Balck Box Transcripts from Kenya Air Crash that killed 169greenspun.com : LUSENET : TB2K spinoff uncensored : One Thread
Secrets of the KQ black box
By NATION Reporter
The final moments of the Kenya Airways jet that crashed into the sea, killing 169 people, can be revealed today.
The last words spoken on the flight deck as the pilot fought to save his stricken jet are clearly revealed by a transcript of the plane's 'black box' cockpit voice recorder.
As a warning signal sounded to show the plane had stalled, the voice of the main pilot, Captain Paul Muthee, is heard giving the clear command to his co-pilot Lazarus Muli - Go up!
Within seconds the warning horn shut off and the hideous sound of the plane's first impact is heard.
And then, silence.
Both men died in the crash three months ago as the Airbus 300 took off from Abidjan in Cote d'Ivoire, heading for Lagos, Nigeria.
After a lengthy struggle to recover the vital cockpit voice recorder (CVR), and flight deck recorder (FDR) both black boxes were sent to Canada, as a neutral country, for decoding.
The transcript of the CVR - technically called a "dry run transcript" was the result of experts from the airline, the Airbus manufacturers and Cote d'Ivorian and Kenyan civil aviation officials listening to the recording and agreeing on its content.
Each sound on the transcript from Flight KQ431 is given its own time to one hundredth of a second and all statements are attributed wherever possible either to the First Pilot, Co-pilot (also the First Officer) or Air Traffic Control.
In one nightmarish sequence, the air traffic controller can be heard counting down the height of the plane as it dived from 300ft into the sea - a journey to death that took exactly 7.4 seconds.
The crash happened just 40 seconds after two strange sounds were recorded during lift-off.
The section of the transcipt obtained by the Nation opens with the command by Captain Muthee, "V one and rotate" ... one of the many checks that take place during lift-off.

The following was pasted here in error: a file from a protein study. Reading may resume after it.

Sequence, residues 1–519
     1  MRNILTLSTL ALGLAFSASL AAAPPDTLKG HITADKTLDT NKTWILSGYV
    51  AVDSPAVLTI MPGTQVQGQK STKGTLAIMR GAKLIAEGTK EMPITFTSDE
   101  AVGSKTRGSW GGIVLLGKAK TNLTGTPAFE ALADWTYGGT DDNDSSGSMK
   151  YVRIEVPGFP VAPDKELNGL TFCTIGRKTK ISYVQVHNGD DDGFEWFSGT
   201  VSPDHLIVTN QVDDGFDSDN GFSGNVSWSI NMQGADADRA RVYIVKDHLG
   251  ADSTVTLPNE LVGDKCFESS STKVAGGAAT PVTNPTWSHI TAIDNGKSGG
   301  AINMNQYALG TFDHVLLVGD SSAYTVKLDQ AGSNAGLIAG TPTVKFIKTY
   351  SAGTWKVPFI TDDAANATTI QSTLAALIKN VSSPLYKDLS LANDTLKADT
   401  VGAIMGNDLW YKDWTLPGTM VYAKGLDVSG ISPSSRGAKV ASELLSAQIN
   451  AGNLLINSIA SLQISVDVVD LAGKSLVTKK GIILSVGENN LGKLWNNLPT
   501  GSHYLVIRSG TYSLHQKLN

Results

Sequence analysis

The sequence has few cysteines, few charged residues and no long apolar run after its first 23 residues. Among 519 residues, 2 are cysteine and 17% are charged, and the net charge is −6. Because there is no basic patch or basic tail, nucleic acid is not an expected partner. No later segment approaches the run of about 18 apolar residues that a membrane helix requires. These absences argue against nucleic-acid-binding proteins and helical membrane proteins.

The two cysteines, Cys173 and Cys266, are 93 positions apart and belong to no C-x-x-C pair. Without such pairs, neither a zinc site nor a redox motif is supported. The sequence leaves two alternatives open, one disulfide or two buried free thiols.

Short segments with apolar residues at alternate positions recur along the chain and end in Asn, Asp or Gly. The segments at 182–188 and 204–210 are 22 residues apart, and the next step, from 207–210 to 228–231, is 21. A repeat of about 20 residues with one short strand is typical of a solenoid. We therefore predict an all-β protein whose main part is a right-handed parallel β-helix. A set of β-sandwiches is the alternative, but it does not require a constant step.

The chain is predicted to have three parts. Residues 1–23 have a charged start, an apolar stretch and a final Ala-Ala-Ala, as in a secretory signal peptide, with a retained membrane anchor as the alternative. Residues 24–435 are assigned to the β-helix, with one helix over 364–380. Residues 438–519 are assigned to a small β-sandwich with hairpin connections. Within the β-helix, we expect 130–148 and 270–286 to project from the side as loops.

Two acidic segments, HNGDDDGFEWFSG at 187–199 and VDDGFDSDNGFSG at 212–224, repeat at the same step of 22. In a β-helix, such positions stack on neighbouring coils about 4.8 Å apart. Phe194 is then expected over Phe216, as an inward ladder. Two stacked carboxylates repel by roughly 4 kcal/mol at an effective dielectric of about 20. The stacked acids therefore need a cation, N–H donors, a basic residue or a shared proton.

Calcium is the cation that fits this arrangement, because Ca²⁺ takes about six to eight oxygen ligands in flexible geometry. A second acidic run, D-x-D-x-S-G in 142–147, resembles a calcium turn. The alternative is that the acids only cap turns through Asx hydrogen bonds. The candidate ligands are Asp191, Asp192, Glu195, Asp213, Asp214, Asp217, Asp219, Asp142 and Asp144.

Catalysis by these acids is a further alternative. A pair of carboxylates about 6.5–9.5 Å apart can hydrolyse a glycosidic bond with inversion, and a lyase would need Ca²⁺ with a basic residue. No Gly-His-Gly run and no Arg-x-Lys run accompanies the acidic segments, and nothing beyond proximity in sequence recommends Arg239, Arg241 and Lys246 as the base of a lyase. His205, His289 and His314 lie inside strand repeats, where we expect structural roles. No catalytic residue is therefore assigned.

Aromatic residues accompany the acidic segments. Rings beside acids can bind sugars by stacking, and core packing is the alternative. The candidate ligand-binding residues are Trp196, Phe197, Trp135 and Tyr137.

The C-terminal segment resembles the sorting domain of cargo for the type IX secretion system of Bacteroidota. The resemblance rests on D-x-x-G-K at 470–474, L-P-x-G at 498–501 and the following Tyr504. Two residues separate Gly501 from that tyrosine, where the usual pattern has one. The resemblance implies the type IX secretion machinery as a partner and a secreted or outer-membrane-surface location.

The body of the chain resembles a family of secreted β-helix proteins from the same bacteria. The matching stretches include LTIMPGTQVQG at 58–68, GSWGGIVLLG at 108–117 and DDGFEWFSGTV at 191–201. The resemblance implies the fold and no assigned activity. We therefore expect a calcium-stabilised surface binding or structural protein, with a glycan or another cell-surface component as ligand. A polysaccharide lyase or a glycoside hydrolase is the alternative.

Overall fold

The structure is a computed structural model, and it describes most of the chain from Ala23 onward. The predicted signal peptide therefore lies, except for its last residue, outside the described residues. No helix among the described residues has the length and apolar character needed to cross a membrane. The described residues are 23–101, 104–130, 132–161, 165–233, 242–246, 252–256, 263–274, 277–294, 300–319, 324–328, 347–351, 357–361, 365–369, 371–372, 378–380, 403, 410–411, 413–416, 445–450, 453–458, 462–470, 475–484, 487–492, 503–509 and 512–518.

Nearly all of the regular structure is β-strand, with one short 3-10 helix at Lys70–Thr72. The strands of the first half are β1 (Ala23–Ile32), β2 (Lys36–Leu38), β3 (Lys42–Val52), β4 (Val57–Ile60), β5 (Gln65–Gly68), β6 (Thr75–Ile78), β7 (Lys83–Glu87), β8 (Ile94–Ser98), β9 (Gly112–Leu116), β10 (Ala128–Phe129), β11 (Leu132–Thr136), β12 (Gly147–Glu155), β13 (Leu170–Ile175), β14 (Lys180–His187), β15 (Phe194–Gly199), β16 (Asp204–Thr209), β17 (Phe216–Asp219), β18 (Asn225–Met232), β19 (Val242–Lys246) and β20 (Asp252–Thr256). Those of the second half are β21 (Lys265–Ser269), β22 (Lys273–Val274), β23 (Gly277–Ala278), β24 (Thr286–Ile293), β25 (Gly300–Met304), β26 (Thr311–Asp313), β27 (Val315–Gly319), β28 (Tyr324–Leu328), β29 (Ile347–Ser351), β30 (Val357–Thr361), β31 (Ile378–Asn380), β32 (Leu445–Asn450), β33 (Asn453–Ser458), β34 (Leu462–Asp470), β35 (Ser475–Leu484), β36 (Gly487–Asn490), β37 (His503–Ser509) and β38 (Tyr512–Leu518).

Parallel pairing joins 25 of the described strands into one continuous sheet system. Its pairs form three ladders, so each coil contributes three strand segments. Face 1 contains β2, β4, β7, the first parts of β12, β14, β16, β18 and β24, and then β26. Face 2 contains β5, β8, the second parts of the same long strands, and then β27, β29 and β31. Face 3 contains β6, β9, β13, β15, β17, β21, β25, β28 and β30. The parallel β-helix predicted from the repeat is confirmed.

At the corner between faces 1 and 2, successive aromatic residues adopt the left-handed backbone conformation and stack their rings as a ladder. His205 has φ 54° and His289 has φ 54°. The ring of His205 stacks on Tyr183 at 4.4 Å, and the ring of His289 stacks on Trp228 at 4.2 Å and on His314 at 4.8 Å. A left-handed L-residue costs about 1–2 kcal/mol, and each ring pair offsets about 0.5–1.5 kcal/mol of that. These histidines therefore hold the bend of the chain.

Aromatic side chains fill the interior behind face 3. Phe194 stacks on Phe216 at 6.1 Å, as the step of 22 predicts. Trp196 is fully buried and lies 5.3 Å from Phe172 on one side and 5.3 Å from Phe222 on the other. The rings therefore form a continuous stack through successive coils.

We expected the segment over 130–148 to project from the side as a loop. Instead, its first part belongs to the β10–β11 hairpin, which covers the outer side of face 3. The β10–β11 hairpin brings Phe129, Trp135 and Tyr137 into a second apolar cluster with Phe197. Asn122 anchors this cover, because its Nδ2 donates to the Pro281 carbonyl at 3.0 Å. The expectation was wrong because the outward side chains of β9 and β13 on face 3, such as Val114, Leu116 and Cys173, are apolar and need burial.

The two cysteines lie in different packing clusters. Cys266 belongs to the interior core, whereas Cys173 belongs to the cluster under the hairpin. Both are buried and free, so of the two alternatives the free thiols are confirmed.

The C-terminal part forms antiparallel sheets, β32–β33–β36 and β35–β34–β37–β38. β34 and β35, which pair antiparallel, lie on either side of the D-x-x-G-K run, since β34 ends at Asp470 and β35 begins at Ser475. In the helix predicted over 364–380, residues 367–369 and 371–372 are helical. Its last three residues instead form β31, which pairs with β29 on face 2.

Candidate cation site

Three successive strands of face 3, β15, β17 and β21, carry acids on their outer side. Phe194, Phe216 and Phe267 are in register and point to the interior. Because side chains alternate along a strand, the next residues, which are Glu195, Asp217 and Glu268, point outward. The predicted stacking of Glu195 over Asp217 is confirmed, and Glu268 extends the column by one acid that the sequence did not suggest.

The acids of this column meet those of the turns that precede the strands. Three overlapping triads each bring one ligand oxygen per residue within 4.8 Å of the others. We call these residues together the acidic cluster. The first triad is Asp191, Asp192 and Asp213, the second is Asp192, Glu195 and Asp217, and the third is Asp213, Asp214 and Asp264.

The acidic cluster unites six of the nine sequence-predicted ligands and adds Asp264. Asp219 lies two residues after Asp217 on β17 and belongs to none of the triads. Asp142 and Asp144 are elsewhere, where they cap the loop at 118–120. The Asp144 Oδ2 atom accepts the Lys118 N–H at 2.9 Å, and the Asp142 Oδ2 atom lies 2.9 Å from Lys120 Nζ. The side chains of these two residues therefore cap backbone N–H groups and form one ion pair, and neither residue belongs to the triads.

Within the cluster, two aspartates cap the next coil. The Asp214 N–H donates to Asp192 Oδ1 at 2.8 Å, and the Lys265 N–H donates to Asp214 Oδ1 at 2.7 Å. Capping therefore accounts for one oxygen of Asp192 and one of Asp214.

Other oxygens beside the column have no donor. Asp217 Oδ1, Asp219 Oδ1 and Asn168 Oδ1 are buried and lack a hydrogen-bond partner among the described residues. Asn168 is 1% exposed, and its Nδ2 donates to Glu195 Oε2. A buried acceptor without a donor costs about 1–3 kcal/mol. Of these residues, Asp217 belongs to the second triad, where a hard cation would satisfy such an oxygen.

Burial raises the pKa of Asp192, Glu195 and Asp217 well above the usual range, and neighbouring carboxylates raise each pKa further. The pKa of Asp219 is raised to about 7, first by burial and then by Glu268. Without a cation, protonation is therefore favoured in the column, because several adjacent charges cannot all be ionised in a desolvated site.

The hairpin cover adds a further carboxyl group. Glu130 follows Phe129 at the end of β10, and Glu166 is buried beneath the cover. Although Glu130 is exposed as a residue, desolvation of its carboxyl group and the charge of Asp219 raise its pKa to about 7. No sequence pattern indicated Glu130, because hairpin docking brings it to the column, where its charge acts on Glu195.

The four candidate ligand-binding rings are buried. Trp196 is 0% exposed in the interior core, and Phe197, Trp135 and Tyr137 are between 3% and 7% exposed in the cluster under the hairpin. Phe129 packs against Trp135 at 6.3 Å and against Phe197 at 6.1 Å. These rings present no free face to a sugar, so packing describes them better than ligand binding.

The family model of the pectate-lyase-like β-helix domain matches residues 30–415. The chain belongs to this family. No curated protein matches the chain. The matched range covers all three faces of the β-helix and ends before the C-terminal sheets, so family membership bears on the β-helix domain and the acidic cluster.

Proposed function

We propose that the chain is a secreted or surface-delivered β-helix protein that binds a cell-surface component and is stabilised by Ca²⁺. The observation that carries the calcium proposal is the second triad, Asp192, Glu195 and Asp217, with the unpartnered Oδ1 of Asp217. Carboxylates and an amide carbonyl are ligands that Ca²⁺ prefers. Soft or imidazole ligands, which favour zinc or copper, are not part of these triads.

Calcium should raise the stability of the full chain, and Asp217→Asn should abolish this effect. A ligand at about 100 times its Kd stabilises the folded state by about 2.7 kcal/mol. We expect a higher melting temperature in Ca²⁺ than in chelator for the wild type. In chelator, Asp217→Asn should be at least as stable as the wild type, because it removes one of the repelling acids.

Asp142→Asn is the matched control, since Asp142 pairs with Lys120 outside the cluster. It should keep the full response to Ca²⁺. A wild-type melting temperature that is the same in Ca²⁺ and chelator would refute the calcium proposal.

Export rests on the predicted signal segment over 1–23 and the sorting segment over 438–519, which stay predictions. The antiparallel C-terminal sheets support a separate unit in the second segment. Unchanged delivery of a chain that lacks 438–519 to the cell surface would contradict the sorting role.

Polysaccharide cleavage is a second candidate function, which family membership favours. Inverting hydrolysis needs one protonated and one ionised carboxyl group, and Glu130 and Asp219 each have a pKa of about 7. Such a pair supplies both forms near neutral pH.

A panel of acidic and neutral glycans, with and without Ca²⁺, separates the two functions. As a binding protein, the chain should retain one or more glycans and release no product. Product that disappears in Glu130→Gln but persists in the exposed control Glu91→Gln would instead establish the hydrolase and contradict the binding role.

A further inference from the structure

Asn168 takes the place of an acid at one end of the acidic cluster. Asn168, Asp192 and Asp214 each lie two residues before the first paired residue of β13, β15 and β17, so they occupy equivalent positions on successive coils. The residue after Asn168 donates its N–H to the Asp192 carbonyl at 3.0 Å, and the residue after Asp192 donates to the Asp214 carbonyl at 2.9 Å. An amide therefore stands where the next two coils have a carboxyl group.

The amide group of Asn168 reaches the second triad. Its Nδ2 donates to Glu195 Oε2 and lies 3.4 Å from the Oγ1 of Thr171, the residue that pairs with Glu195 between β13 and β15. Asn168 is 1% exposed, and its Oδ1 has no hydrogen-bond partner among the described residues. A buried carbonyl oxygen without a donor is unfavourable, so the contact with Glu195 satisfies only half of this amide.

Next is the first indication of trouble. Just 4.5 seconds later there is what the transcript describes as "a very pronounced popping sound, possibly engine related."
Then, exactly one second later, comes "a subtle puff sound."
Captain Muthee: Positive.
Officer Muli: Positive rate of climb, gear up.
Then 1.7 seconds later the flight crew knew they were in trouble, as the transcript records: "Start of the audible stall warning."
Captain Muthee: "Uhhoo!" (noted on the script as exclamation/surprise/stress).
The voice of the (unidentified) air traffic controller then cuts in with the aircraft's altitude reading, in feet: 300. Less than two seconds later the tape records a sharp breath by one of the pilots, followed by Officer Muli making the sound: Ahhh?
Three seconds later, Mr Muli asks: What's the problem?
Relentlessly, Air Traffic Control keeps giving the altitude countdown as the Airbus goes into what proved to be its fatal dive: 200
One of the pilots, it is not indicated which, takes another deep breath.
Mr Muli: Silence the horn!
After this terse command, which goes unanswered and the stall warning horn keeps sounding, the tape runs on remorselessly as the final seconds of the drama are played out...
Sound of another breath.
End of stall warning.
(Air Control counting) : 50, For... (possibly a cut off for 40ft), 20 ....10
The fire warning alarm starts
Then come the dreadful last words of Captain Paul Muthee - Go up!
Exactly one second later the fire alarm cuts off followed by the first sound of impact.
The recording ends.
After the transcript comes a note that had the landing gear actually gone up, following Captain Muli's response early in the recording, then the aircraft's computerised positioning warning would have been expected as the plane descended. The warning was not recorded however, suggesting to our expert source that the landing gear did not retract.
The Nation invited Kenya Airways to comment on the transcript and make any other observations they thought helpful. They declined to do so, saying that the airline was bound by international law not to comment on a continuing investigation.
Kenya's transport and communications minister, Mr Musalia Mudavadi, is expected to make a statement on the crash in Parliament, next week.
-- Carl Jenkins (Somewherepress@aol.com), April 30, 2000
Dead men flying---what horror.
-- (firstname.lastname@example.org), April 30, 2000.
They aren't supposed to take off (rotate) until V-two
-- Cherri (email@example.com), May 01, 2000.